Amidst the annual push for increased consumer spending at the holiday season by expanding the shopping frenzy to Halloween and earlier, and the quadrennial cacophony that came to a conclusion on Election Day earlier this month, something quieter, and rather important, was happening in Harford County and beyond: community Thanksgiving gatherings were being planned.
Rooted in agricultural harvest festivals, and linked to the earliest incarnations of a positive American spirit, Thanksgiving has evolved into a rather uniquely American observance: a day to be thankful for our many blessings as individuals and as a nation.
No gifts are exchanged. No speeches are given. No wreaths are presented. No salutes are necessary. All that's required is a hefty meal shared with friends and family and maybe a little football, a rather uniquely American game.
More than a quarter of a century ago, the SMILES volunteer student group in Havre de Grace came to the stark realization that not everyone had the wherewithal to celebrate the holiday. Some were lacking the hefty meal. Others were lacking companionship. All were invited to Havre de Grace High School, and later to St. Patrick Hall, to share a meal prepared by students, not the day before or the day after, but on Thanksgiving itself. It wasn't the first time such a thing had been done, but it was the first time it had been done on an annual basis and on such a large scale in Harford County.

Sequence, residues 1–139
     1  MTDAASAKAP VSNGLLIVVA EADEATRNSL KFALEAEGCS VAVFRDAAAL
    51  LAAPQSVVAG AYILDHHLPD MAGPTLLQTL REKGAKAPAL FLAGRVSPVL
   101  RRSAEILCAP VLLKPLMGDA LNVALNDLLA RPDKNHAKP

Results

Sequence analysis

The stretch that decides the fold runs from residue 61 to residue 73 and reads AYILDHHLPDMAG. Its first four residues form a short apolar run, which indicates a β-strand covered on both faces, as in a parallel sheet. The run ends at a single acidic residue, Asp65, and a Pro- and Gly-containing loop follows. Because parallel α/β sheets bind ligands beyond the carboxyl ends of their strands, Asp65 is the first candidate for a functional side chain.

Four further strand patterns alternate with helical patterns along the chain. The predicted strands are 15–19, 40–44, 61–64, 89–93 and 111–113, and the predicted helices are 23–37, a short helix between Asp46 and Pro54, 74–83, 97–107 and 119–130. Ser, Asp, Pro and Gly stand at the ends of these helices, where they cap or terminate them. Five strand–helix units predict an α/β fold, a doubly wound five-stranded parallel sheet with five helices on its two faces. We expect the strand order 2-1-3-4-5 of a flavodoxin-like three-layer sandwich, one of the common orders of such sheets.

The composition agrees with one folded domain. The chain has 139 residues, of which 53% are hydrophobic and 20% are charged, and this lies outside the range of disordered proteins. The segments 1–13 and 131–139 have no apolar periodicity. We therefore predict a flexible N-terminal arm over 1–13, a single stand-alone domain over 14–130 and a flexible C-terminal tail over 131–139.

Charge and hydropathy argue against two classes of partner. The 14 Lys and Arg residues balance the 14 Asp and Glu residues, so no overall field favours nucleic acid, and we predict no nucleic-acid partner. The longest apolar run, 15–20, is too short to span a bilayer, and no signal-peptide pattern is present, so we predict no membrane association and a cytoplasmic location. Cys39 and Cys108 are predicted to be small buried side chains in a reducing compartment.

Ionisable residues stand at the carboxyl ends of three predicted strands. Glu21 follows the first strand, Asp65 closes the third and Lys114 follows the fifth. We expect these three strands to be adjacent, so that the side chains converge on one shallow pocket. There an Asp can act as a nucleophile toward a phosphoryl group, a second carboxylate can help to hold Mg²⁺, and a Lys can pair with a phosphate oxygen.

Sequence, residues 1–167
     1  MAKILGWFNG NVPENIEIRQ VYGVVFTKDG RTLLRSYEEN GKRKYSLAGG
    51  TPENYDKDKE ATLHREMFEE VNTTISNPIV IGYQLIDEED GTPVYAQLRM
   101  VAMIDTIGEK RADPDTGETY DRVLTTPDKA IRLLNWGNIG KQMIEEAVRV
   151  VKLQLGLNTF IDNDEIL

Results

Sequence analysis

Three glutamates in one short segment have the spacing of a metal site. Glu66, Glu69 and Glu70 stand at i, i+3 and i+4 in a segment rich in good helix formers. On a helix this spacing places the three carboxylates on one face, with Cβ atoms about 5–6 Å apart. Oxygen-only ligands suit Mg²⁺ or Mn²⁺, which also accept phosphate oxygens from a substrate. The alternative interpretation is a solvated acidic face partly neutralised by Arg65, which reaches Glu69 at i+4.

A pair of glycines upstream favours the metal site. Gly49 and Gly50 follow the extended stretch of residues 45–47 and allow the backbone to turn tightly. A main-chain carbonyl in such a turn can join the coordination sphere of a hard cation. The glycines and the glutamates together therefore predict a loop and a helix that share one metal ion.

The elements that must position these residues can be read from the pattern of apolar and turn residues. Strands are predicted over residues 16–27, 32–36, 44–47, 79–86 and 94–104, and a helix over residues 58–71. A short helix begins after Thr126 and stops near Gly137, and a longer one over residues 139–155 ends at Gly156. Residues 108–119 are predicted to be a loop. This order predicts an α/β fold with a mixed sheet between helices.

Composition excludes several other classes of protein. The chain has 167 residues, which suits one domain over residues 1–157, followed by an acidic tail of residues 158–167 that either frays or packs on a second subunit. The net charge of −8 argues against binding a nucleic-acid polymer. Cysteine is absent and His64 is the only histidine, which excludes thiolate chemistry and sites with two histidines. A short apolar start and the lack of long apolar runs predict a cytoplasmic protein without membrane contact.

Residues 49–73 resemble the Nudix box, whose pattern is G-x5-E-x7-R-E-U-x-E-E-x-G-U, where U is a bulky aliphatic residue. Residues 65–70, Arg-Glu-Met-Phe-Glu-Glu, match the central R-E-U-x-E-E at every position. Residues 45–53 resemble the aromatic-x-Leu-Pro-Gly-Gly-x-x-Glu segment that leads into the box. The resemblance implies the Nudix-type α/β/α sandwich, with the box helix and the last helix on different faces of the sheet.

And for many years, through good times and bad, it was the only such community Thanksgiving meal in Harford County and the surrounding area.
This year, however, as the economic news nationally and locally continues to bounce between bad and not so bad and, arguably, there is less to be thankful for, community Thanksgiving meals have proliferated. The SMILES event remains a mainstay, and Aberdeen's Community Dinner at the Aberdeen Fire Hall on Rogers Street is growing into a similar tradition after having taken root a few years ago.
To the west in Bel Air, as many as 400 people are expected for a Thanksgiving meal prepared by about 250 volunteers from New Hope Baptist Church and St. Margaret Church.
Meanwhile, on the other side of the Susquehanna, Perryville United Methodist Church is busy this week preparing turkey dinners for a community feast.
This Thanksgiving week, something all of us have to be thankful for – even if we're unable to participate in any of the community meals – is the wonderful realization that we live in a community whose members can look beyond a dismal economic situation and share the good things they have with folks who are less fortunate. We're all better off for it.Copyright © 2014, The Baltimore Sun